Adding a Control to the Property Sheet

Each property page has its own set of controls. The only control that they share are the standard button in the property sheet itself. If you want to add an edit control, a preview button or any other control, you have to do it at run time. The code below shows you how to add an edit control.

Step 1: Derive your own class from CPropertySheet

We cannot use the CPropertySheet class directly, since we need to add a member variable. If you aren't already using a sub-class of CPropertySheet then derive one.

Step 2: Add member variable

Add member variable to the CPropertySheet derived class. The edit control will be created and accessed using this member.
public:
	CEdit m_edit;

Step 3: Create the edit control in OnInitDialog

Override the OnInitDialog() function and add the code to create the edit control to this function. It is a good idea to call the base class version of the function before doing anything specific for the derived class.

The property sheet is first resized to accommodate the new edit control. The edit control is then created at the desired location. The WS_EX_CLIENTEDGE gives it a 3-D look. The edit control is created with a different font than used by other control. We fix this by a call to SetFont() and set the font to be the same as the property sheet.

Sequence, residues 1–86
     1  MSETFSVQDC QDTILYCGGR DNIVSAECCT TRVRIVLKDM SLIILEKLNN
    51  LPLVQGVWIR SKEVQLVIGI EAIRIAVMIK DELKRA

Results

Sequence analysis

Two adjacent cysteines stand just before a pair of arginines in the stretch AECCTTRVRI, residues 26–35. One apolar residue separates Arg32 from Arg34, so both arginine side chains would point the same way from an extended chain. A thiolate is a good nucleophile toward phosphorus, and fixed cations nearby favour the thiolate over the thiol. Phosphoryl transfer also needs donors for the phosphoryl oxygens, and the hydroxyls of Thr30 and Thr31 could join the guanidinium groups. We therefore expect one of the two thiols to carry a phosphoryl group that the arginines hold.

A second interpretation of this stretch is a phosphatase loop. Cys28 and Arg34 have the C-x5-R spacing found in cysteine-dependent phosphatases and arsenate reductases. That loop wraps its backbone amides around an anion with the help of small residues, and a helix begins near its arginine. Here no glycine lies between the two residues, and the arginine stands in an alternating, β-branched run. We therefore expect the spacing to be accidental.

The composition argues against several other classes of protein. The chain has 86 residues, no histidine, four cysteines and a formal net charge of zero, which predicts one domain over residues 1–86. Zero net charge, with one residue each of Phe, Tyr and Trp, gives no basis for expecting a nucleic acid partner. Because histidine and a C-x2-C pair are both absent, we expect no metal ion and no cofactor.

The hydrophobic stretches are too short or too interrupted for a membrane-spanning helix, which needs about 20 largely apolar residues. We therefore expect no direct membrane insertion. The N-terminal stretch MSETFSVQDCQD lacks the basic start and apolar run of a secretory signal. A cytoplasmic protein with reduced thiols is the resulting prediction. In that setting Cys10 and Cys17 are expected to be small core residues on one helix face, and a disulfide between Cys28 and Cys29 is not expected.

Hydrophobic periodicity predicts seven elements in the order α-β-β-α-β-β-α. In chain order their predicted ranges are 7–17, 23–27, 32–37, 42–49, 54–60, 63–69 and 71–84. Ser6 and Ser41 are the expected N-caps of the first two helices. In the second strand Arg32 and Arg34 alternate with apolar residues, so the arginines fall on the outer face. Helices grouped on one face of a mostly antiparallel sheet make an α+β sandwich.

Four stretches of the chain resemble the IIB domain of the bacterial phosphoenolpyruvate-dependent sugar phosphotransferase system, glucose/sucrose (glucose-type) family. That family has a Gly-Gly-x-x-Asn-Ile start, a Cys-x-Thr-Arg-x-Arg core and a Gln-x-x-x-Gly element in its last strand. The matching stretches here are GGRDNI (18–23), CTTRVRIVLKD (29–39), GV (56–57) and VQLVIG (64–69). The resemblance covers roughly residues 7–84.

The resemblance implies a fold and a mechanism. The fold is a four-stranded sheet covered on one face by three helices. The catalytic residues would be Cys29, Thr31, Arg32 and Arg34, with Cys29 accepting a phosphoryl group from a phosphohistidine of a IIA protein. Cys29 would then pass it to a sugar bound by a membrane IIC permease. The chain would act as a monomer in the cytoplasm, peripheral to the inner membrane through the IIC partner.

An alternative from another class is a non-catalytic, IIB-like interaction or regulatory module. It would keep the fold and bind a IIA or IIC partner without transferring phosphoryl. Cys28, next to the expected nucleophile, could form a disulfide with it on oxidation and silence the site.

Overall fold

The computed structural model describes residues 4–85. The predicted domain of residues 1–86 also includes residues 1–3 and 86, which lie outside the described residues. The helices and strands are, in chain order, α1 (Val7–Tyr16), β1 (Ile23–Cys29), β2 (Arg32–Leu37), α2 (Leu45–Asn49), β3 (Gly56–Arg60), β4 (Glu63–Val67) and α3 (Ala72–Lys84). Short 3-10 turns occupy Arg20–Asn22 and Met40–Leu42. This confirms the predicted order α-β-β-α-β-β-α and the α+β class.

The text value in the edit control can be set or retrieved using the m_edit object.

BOOL CMyPropSheet::OnInitDialog()
{
	BOOL bResult = CPropertySheet::OnInitDialog();

	CRect rectWnd;
	GetWindowRect(rectWnd);
	SetWindowPos(NULL, 0, 0,
		rectWnd.Width() + 100,
		rectWnd.Height(),
		SWP_NOMOVE | SWP_NOZORDER | SWP_NOACTIVATE);

	m_edit.CreateEx( WS_EX_CLIENTEDGE, _T("EDIT"), NULL,
				WS_CHILD | WS_VISIBLE | WS_TABSTOP | WS_BORDER, 
				rectWnd.Width(), 20, 80, 24, m_hWnd, 0, 0 );

	m_edit.SetFont( GetFont() );
	
	CenterWindow();
	return bResult;
}